Interview with Pastor James Wendell Rhodes

April 20, 2010

April 13, 2010

 Wendell Rhodes was born Dec 19, 1943 in Anderson SC.   He moved twice,  but within a 10 mile radius.   Wendell attended North Greenville Junior   College,   where he received an AA degree.  He received his BA degree from Furman University and a Master of Divinity from Erskine Seminary.  Pastor Rhodes has worked in ministry for over 45 years.  Currently he preaches at Friendship Worship Center in Abbeville SC.   Pastor Rhodes was happy to answer questions on Civil Rights.

When I asked Pastor Rhodes about his memories of the area schools being integrated,    he had this to say,  “Yes,  I remember integration,  I was fourteen years old.”  When asked about opposition  his remarks were to the point,  “There was a lot of opposition. The main one I remember was with Governor Wallace in Alabama.  He refused integration until the Federal court said they had to.”  Pastor Rhodes also commented about his local school, “ In the classroom though, I don’t remember much opposition.”

 Pastor Rhodes remembers hearing about all the key figures of the Civil Rights movement, when asked, “Yes,   I do remember stories of Martin Luther King,  Rosa Parks,  and Malcolm X.  They were  all very well known at that time.”

When I asked him of any local Civil Rights figures he stated,   “ I don’t remember any Civil Rights  figures from our area,  none that made a big enough impression for me to recall.”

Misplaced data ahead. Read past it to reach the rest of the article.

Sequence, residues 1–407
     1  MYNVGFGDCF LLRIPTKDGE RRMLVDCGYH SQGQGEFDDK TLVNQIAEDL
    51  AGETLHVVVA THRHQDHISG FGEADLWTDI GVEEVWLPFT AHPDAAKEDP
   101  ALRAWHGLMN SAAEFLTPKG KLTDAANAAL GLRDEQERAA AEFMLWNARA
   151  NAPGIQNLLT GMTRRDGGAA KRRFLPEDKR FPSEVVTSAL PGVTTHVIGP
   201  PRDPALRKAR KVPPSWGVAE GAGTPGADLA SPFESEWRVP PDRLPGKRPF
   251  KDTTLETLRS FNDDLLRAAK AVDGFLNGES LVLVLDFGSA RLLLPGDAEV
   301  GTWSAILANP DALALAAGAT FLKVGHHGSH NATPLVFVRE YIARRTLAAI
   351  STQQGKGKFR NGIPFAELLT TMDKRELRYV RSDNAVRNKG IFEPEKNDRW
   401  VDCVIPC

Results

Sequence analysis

Pastor Rhodes remembers about fear of racial violence, “Blacks had there own side of town.  I remember my friends  and  I fearing to go near their residence.”   When asked about how they responded to these fears,  “ I felt like whites were more fearful of blacks, and were insecure in their surroundings, we would avoid them.”

I asked about the amount of time that it took for changes to take place, he simply replied, “I felt like the changes were slow, they seemed to take a lot of time.”

I asked had there been any time he may have been exposed to other races as a child, his response,  “ Yes, I played with them as a child.  I would pick cotton with them,  and  I even lived right up the road from a few families.”

I asked Pastor Rhodes of any specific memories of segregation in SC when he was growing up that he could share with us,  “ I really don’t have any specific memories of segregation in Anderson S.C.”

When I asked about the sports figures of the day such Muhammed  Ali , “At the time,  It didn’t affect me at all.  I admired their accomplishments,   but ashamedly I would have to admit that whenever a white guy was up against them,   I pulled for the white guy.”

I asked Pastor Rhodes if he remembers hearing of the death of Martin Luther King Jr.,  he said, “I was sad about MLKs death because he was murdered but I did not grieve over him. Now it breaks my heart!”   I asked if Martin Luther King Jr.’s  death had any influence on advocacy for Civil Rights, he responded, “At that time I wasn’t advocating civil rights, but as I grew older I was moved by his speaking ability.  Now on his birthday at my church we have a ceremonial service every year that remembers his dream and honors his accomplishments.”

 What treatment to other races did you notice while growing up during segregation did you notice was a question I  asked.   Pastor Rhodes answered, “ No one wanted to drink after the blacks.  I was brought up to think they were beneath me.  My family liked them but we didn’t want to interact with them.”

Thomas Martin

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